A Resource for
Nuclear Lab Professionals
 

Exercise Testing

Bruce Protocol

The Bruce Protocol is the most widely used exercise testing method.1

 

Table 1. Bruce Protocol1

Stage

Speed, mph

Incline, %

METs

Total Time, min

1

1.7

10

4.6

3

2

2.5

12

7.0

6

3

3.4

14

10.1

9

4

4.2

16

12.9

12

5

5.0

18

15.0

15

6

5.5

20

16.9

18

 

Duke Treadmill Score

The Duke Treadmill Score is used for risk stratification with treadmill testing.

 

Table 2. Duke Treadmill Score (DTS): Equation and Risk Stratification2-4

EQUATION

DTS = exercise timea – (5 x max ST deviation in mm) – (4 x treadmill angina indexb)

RISK STRATIFICATION

DTS

Risk

< –10

High (79% 4-year survival)

–10 to +4

Moderate (95% 4-year survival)

≥ +5

Low (99% 4-year survival)

a In minutes on the Bruce protocol.
b No angina during exercise = 0; nonlimiting angina = 1; angina that limited exercise = 2.3

 

Suboptimal Exercise in MPI

Exercise is the preferred method of stress for myocardial perfusion imaging, but some patients may not be able to exercise adequately for a variety of reasons.

 

For exercise to be adequate for imaging, the patient must reach at least 85% of his or her maximal predicted heart rate,5 as estimated by the following equation1:

 

220 − patient age = maximal predicted heart rate

 

Table 3. Clinical Impact of Suboptimal Exercise

Decreased testing sensitivity/false-negative results6
Need to repeat the study using pharmacologic stress7
Double radiation exposure for patients7
Scheduling disruptions for patients and labs
Delayed diagnostic information for physicians7

 

Table 4. Certain Patients May Be Less Likely to Achieve Adequate Exercise Levels7-13

DEMOGRAPHICS/PATIENT CONDITIONS

Poor physical condition7 Advanced age7
Poor motivation7  Diabetes9
Musculoskeletal/orthopedic problems7 Obesity
Peripheral vascular disease7  Hypertension7,10
Pulmonary disease7  Metabolic syndrome11
Cerebrovascular problems7  African American women12
Lower-limb amputation   Women13
Presurgical limitations8  

 

Patient Effort Level: Perceived Exertion

 

Below are 2 self-rating scales that can be used with patients to determine their levels of effort/exertion while exercising on the treadmill. (Click on the images for a printable version that can be used with your patients.)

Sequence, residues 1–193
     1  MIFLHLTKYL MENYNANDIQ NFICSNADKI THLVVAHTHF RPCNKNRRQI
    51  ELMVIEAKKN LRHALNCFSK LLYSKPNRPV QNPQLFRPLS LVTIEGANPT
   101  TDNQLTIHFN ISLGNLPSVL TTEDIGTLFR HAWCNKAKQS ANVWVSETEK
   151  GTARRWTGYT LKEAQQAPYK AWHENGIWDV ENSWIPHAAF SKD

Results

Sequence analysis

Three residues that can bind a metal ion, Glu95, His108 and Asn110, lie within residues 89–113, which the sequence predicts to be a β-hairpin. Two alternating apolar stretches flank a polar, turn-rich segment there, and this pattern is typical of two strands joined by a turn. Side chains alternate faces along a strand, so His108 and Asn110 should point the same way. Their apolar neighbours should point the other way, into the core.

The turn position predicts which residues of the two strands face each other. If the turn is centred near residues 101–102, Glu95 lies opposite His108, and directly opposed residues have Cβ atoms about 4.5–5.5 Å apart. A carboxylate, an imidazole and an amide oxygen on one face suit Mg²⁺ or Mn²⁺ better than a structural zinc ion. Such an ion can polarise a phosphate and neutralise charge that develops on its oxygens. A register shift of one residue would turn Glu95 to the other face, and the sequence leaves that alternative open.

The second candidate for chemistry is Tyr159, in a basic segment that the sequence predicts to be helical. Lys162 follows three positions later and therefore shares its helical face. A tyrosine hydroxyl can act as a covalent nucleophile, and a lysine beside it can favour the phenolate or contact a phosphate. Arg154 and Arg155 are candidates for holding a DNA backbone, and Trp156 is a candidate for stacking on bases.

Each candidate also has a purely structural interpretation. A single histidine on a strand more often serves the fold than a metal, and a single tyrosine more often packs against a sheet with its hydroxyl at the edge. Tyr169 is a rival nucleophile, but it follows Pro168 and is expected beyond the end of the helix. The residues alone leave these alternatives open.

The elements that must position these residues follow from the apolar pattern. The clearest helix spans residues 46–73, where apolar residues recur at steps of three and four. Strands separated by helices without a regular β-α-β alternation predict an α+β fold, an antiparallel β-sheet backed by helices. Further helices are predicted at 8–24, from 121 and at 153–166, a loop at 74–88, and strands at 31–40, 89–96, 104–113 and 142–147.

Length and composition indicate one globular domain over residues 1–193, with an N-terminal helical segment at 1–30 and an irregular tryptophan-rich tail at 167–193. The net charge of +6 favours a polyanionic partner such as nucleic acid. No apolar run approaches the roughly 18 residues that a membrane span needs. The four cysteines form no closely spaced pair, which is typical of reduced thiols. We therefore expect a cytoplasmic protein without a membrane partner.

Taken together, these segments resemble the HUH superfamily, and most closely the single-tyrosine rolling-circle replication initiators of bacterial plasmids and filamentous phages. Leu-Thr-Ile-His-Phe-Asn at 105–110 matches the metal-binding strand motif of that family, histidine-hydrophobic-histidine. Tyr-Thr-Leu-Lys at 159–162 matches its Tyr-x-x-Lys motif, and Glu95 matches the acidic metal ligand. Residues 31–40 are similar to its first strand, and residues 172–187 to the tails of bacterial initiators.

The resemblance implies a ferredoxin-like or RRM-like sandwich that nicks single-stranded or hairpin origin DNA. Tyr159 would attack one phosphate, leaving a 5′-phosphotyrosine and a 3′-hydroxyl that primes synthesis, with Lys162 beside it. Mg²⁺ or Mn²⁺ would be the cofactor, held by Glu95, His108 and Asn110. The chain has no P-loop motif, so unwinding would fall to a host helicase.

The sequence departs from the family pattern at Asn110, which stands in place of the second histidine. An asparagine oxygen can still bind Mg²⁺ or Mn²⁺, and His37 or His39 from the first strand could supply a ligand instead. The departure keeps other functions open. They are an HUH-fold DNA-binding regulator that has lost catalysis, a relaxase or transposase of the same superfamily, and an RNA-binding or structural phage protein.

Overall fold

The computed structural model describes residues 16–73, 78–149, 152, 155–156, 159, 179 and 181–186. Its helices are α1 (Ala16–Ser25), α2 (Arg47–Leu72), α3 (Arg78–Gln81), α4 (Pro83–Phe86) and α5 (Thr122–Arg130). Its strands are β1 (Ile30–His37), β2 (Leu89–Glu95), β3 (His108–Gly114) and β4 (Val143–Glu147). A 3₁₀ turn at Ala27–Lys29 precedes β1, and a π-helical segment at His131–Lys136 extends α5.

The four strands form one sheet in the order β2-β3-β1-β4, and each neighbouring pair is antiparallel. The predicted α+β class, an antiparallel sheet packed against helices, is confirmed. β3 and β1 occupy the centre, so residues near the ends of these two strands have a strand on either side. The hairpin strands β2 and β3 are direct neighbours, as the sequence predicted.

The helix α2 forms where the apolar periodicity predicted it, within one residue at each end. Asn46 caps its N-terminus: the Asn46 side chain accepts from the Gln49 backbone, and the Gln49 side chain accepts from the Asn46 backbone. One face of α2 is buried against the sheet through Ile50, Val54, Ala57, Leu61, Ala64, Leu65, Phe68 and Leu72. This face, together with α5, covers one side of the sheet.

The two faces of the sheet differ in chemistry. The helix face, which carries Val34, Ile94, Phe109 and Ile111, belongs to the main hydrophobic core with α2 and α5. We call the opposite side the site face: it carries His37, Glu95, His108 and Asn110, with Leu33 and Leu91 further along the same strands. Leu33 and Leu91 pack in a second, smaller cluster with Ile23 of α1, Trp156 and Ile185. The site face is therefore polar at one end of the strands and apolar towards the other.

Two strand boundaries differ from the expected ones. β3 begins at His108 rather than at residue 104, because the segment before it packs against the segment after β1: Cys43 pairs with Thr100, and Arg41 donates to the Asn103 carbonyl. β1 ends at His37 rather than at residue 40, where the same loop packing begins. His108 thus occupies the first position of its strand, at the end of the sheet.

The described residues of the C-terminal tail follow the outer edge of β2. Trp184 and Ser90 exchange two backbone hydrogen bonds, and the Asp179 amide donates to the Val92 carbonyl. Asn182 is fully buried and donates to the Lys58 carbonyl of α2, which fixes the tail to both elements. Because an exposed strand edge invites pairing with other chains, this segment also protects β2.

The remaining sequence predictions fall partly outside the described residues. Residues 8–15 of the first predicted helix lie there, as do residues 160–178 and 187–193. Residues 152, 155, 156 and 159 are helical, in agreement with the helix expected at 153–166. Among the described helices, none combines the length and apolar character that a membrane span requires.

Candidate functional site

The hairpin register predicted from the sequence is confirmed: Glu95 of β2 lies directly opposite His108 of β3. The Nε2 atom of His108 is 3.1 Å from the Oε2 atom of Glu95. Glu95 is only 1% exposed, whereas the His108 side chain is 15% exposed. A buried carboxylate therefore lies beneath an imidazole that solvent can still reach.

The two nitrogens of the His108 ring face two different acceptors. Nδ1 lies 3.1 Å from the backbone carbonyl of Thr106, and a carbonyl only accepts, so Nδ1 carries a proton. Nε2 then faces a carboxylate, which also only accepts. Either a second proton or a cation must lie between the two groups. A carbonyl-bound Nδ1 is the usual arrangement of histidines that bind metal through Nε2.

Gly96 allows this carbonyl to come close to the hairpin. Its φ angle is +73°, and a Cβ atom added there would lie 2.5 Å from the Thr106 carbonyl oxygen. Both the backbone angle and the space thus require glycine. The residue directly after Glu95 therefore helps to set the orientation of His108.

Borg Rating of Perceived Exertion Scale (RPE)14

Heart rate can be approximated by multiplying the Borg RPE by a factor of 10.14 Actual heart rate can vary depending on age and physical condition.

 

Modified Rating Perceived Exertion (CR10)15

 

References

  1. Wackers FJTh, Bruni W, Zaret BL. Stress procedures. In: Wackers FJTh, Bruni W, Zaret BL. Nuclear Cardiology: The Basics. How to Set Up and Maintain a Laboratory. 2nd ed. Totowa, NJ: Humana Press; 2008:53-75.
  2. Gibbons RJ, Abrams J, Chatterjee K, et al. ACC/AHA 2002 guideline update for the management of patients with chronic stable angina: a report of the American College of Cardiology/American Heart Association Task Force on Practice Guidelines (Committee to Update the 1999 Guidelines for the Management of Patients with Chronic Stable Angina). 2002. Available at www.acc.org/clinical/guidelines/stable/stable.pdf. Accessed February 4, 2013.
  3. Gibbons RJ, Hodge DO, Berman DS, et al. Long-term outcome of patients with intermediate-risk exercise electrocardiograms who do not have myocardial perfusion defects on radionuclide imaging. Circulation. 1999;100:2140-2145.
  4. Gibbons RJ, Balady GJ, Bricker JT, et al. ACC/AHA 2002 guideline update for exercise testing: a report of the American College of Cardiology/American Heart Association Task Force on Practice Guidelines (Committee on Exercise Testing) 2002. Available at: http://circ.ahajournals.org/content/106/14/1883.full. Accessed February 4, 2013.
  5. Henzlova MJ, Cerqueira MD, Hansen CL, Taillefer R, Yao S-S. Stress protocols and tracers. J Nucl Cardiol. 2009. Available at: http://www.asnc.org/imageuploads/imagingguidelinesstressprotocols021109.pdf Accessed February 4, 2013.
  6. Iskandrian AS, Heo J, Kong B, Lyons E. Effect of exercise level on the ability of thallium-201 tomographic imaging in detecting coronary artery disease: analysis of 461 patients. J Am Coll Cardiol. 1989;14:1477-1486.
  7. Cerqueira MD. Pharmacologic stress versus maximal-exercise stress for perfusion imaging: which, when, and why? J Nucl Cardiol. 1996;3:S10-S14.
  8. Bar Harbor Invitation Meeting 2000. J Nucl Cardiol. 2001;8:224-316.
  9. Consensus development conference on the diagnosis of coronary heart disease in people with diabetes. Diabetes Care. 1998;21:1551-1559.
  10. Lim PO, MacFadyen RJ, Clarkson PBM, MacDonald TM. Impaired exercise tolerance in hypertensive patients. Ann Intern Med. 1996;124:41-55.
  11. Farrell SW, Cheng YJ, Blair SN. Prevalence of the metabolic syndrome across cardiorespiratory fitness levels in women. Obes Res. 2004;12:824-830.
  12. Roger VL, Go AS, Lloyd-Jones DM, et al. Heart disease and stroke statistics—2012 update: a report from the American Heart Association Statistics Committee and Stroke Statistics Subcommittee. Circulation. 2012;155:e2-e220.
  13. Isaac D, Walling A. Clinical evaluation of women with ischemic heart disease: diagnosis and noninvasive testing. Can J Cardiol. 2001;17(suppl D):38D-48D.
  14. Borg G. Perceived exertion as an indicator of somatic stress. Scan J Rehabil Med. 1970;2:92-98.
  15. Borg GAV. A category scale with ratio properties for intermodal and interindividual comparisons. In: Geissler H-G, Petzold P, eds. Psychophysical Judgement and the Process of Perception. Berlin: VEB Deutscher Verlag der Wissenschaften; 1982:25-34.
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